Saturday, March 5, 2011

Watching a medical Drama with an MD

My dad is here at my facility. Right now we are watching "House" episodes. My dad deosn't like any TV program set in a hospital or medical facility. He dislikes "House" with an intensity most people would reserve for terrorists or mass murderers. I try to tell my dad that "House" isn't really about hospitals and medicine; the medical setting is merely a backdrop. My dad says it wouldn't matter, and he would detest "House" just as much if it was a detective drama or a reality show highlighting the sex habits of little people.

As I told Matt in the "comments" section following my last post, my dad is seated between me and the girl who is in love with everyone's father. Right now she's leaning her head against his shoulder. That's probably as much contact as he'll allow. If she gets any more aggressive, he'll think of a reason he needs to get up and move. The other fathers who visit are so freakedout by her that she never gets to shake their hands, much less to rest her head against their shoulders. I don't think my mom has anything to worry about at this point in time, which is a good thing. It would be humiliating to tell people that my dad met my stepmother while he was visiting me in the psych ward of a hospital.

My dad feels the need to to point out that "House" is unrealistic. Duh! It's a TV drama. When I want realistic, accurate information on a given topic, the firts place I look is not usually at a TV drama series. It's entertainment. It doesn't entertain my dad, although if I were a doctor, no TV medical drama would be my go-to source of merriment or escape, as I would feel the need to distance myself from the environment in which I worked. I do think my dad derives some pleasure, and thus some entertainment value, in ruining the show for others by pointing out to other viewers lucky enough to be in his presence the inconsistencies and inaccuracies as he sees them. Right now he's totally going off on how stupid the writers of "House" were for having the title character almost off himself by sticking a knife in an electrical socket, not to intentially commit suicide but, rather, to have a near-death experience. I hope my dad doesn't think it was his expertise as an MD that gave him the particular insight needed to make that call. i like the show, and even I though "House" jumped the shark with that one.

Later tonight my dad will play his guitar in my room to help me fall asleep. Some of the other inmates will probably end up in the room, but my dad will only let them stay if they are quiet because he doesn't want them to keep me awake or to wake me up as I'm drifting off to sleep. I hope Electra doesn't come in to hear my dad play his guitar because I may not be awake for long to chaperone. I really wish Chairman Mao would come back to the hospital. Electra likes him almost as much as she likes my dad, and his presence might distract her at least a bit. I'm not a psychiatrist and, as such, am probably not qualified to comment on the respective states of mental health of my fellow inmates, but I think Electra needs more help than she can ever receive here. I'd recommend a lobotomy.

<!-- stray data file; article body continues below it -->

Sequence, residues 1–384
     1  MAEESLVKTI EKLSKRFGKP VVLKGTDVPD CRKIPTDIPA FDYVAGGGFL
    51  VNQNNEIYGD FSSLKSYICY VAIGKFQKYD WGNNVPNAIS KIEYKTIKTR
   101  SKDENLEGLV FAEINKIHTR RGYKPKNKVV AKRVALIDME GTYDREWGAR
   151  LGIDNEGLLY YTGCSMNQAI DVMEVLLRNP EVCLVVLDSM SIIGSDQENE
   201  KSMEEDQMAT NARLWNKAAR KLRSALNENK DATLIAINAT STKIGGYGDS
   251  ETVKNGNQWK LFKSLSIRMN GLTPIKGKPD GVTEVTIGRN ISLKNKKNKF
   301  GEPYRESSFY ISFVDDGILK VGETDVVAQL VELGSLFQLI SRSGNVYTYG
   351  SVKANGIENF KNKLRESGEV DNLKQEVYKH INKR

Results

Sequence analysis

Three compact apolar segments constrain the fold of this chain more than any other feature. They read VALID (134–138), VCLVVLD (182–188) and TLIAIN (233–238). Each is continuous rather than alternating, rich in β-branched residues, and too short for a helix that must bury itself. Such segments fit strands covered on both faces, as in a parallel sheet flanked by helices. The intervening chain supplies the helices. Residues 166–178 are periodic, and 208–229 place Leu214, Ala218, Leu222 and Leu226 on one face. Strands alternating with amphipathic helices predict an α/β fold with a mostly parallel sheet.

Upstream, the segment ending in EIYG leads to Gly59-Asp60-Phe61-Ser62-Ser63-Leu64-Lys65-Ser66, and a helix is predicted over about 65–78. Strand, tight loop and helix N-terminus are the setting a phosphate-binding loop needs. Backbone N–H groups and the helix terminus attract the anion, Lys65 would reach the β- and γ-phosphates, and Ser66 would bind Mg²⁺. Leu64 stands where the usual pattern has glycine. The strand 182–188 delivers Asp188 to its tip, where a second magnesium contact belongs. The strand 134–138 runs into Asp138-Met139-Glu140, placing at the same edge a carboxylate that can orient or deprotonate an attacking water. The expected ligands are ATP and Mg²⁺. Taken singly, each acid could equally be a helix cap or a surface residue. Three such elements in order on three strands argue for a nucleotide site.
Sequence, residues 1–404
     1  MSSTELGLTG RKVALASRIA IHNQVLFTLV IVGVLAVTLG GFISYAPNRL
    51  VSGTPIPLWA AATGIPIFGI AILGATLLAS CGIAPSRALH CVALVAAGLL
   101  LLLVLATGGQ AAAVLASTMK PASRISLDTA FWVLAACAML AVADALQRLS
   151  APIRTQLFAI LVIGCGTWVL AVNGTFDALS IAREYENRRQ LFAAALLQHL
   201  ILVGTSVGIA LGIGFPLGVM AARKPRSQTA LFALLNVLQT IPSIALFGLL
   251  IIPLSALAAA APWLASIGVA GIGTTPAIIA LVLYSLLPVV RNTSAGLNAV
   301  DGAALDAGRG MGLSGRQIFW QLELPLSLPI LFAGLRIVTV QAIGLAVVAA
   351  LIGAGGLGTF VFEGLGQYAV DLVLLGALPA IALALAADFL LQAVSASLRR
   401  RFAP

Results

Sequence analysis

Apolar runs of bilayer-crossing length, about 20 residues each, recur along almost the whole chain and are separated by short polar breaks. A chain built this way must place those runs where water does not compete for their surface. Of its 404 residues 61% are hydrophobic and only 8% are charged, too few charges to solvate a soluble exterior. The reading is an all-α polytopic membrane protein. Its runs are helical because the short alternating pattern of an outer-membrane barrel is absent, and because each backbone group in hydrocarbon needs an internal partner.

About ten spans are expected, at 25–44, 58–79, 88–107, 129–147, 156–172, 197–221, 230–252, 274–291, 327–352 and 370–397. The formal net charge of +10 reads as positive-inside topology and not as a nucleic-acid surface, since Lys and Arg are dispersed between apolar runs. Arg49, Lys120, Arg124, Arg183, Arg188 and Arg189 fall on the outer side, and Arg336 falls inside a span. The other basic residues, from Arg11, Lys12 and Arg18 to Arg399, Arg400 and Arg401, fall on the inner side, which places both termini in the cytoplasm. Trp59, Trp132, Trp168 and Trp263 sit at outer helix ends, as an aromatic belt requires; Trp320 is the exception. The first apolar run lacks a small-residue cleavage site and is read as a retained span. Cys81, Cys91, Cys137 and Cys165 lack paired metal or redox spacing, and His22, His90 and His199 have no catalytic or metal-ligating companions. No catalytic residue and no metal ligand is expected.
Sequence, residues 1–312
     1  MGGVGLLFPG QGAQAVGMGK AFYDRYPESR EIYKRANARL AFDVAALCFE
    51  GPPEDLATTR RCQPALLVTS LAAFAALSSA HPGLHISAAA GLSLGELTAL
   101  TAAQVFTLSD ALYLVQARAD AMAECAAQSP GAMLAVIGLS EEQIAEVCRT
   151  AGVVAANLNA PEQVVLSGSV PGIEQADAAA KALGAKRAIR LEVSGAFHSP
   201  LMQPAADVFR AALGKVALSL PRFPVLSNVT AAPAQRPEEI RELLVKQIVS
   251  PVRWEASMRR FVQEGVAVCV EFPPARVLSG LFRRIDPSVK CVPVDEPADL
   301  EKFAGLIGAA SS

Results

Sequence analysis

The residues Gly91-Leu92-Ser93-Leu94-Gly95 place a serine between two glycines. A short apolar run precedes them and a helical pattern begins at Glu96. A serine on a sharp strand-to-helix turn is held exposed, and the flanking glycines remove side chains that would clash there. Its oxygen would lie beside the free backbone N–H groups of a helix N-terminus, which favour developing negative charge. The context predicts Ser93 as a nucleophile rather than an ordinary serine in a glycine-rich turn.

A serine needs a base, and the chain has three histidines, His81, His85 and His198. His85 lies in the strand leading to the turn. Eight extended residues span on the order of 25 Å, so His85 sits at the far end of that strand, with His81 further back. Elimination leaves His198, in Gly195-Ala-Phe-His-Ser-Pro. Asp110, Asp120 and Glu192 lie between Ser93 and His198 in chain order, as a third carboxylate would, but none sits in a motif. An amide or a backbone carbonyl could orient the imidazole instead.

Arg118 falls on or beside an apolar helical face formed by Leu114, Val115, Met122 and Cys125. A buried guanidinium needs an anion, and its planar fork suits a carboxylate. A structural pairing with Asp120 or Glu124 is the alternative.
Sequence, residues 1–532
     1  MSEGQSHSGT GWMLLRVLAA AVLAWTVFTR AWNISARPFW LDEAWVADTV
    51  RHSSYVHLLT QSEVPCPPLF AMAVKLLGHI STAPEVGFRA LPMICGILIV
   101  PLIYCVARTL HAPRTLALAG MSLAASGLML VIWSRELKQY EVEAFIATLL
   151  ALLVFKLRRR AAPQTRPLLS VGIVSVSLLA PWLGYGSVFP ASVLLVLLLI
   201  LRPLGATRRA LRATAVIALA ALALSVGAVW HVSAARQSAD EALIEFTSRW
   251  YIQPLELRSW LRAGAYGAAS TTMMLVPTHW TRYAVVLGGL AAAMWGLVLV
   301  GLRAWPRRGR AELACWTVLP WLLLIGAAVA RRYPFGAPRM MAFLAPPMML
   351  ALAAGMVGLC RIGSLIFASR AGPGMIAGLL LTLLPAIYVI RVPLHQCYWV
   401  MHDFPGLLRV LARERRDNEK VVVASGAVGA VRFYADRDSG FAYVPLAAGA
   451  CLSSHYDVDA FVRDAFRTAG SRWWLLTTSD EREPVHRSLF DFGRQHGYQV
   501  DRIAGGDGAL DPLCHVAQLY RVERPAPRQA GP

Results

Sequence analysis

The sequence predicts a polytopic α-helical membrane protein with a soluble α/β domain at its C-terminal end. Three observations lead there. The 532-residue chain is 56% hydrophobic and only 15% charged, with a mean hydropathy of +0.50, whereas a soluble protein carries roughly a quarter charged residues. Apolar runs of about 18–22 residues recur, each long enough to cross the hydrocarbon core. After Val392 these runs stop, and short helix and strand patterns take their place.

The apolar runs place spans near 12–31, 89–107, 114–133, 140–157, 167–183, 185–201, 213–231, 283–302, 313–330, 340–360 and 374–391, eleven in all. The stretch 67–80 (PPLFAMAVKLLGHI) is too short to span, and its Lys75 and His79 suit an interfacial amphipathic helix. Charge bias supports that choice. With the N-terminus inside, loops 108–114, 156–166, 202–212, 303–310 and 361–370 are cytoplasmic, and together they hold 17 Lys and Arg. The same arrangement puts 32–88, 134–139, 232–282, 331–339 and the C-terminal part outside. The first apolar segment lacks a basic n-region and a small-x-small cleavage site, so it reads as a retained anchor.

1. And the actor who plays Dr House... does he do a good American accent, seeing as he is really British? Or is a a bit naff?

  2. Or is it a bit naff, I meant...

  3. Matt, Hugh Laurie actually does a very credible American accent. We in the U. S. tend to be so America-centric (some of us are bona fide stupid in addition to being america-centric) if we do not watch ourselves in that we think everyone should talk as we do. My brother Matthew, who is, I admit, more than a bit thick-skulled, saw Hugh Laurie on some talk show after having seen him on "House." Hugh Laurie was, predictably, speaking with a British accent. Natthew said the accent was totally phony because he CAN speak with an American accent, and if you CAN speak with an American accent, that IS your normal accent; anything else is pretense. My mother tried to reason with him for about fifteen minutes, but finally threw her hands in the air and walked out.

    There's an Aussie in the "House" cast, who plays an Aussie character. In one episode, Hugh Laurie referred to the Aussie character as a Brit. The character told Dr. House that he was Australian, not British. Dr. House said, "You have the Queen on your money. You're a Brit." I love his character's irreverence for everything. It's a good thing that I was never actually Mormon, because I value all things irreverent.

    For the record, my dad thinks Hugh Laurie is a good actor. He thinks the character of Gregory House as the writers invented him is too unrealistic no matter who gets stuck in the role. I don't agree with the latter part of my dad's assertion. Who would watch Indiana Jones if they had to believe everything the character said or did?

  4. You'll have to check on Youtube for Fry and Laurie, and share it with your brother

    Here's one